Those who frequent the Eliot House dining hall may know Marina Gerolimatas as the woman who swipes IDs. But she is also an artist, and yesterday, Gerolimatas unveiled an exhibition of her paintings that will be displayed in the Eliot House small dining room until spring break.
Eliot House Master Lino Pertile said he first became acquainted with the 23-year employee’s work when, following another exhibition by a resident tutor, Gerolimatas mentioned her own interest in painting.
Pertile requested a sample and said he was so impressed that he spent five weeks organizing the exhibition, which he said represents a bridge between two generally distinct communities at Harvard.
“I’m delighted that this could be a departure towards a better integration of staff and faculty, demonstrating that art is not the exclusive domain of the learned and cultivated,” Pertile said.
For the exhibition, Gerolimatas said she chose a representative sampling of her work. The paintings address primarily classical themes, including religious imagery and depictions of her native Greece.
But Gerolimatas said she also paints still-lifes and landscapes and said she is particularly proud of her portraits of her parents—a portrait of her mother was, in fact, her first painting.
“After my mother’s death, I had so many feelings that I wanted to express,” Gerolimatas said while holding back tears.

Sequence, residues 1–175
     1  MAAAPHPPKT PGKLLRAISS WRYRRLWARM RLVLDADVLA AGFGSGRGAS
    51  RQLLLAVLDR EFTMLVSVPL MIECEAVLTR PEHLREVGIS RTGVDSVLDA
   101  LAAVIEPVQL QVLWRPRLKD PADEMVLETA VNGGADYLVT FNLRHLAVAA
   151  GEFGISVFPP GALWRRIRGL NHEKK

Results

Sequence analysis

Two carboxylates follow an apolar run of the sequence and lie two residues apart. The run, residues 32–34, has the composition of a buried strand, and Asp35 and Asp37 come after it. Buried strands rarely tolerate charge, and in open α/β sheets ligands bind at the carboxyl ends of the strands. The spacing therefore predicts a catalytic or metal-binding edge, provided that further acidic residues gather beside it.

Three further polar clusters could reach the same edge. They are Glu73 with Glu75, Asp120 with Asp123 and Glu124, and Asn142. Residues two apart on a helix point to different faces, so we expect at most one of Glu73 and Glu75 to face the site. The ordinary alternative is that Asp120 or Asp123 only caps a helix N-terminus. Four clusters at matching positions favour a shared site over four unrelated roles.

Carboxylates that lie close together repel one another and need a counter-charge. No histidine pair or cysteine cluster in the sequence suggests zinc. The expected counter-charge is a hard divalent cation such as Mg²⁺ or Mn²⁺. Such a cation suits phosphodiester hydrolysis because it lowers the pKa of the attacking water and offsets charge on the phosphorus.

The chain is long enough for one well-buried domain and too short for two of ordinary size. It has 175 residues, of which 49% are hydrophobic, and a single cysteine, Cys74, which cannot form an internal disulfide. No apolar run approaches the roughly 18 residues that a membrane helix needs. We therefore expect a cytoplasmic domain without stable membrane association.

When she began painting, Gerolimatas said she discovered that she was surprisingly skilled.
“My mother, my father, and God brought me into this world with the talent to paint, and without anybody teaching me,” she said.
Yesterday, many of Gerolimatas’ friends, relatives and co-workers, along with some 30 students from Eliot House, were present to support Gerolimatas and to enjoy her work.
The students, who Gerolimatas refers to as “her babies,” praised her ability to balance her job with her committment to art.
“She’s here all day, everyday,” Michael J. Palmer, ‘03 said. “I don’t know when she has time to do this. It’s really excellent.”
Gerolimatas said she paints “in the spare time of her spare time.”
Karen Fischer, Gerolimatas’ English tutor, said the show reflects that “people in all sorts of jobs around Harvard have interesting skills that aren’t necessarily used in their jobs.”
Gerolimatas said she was “surprised and excited” by the positive turnout, and hopes that the show will be a springboard to further artistic opportunities.
“I’m going to do so many good things,” she said. “I don’t want to say yet.”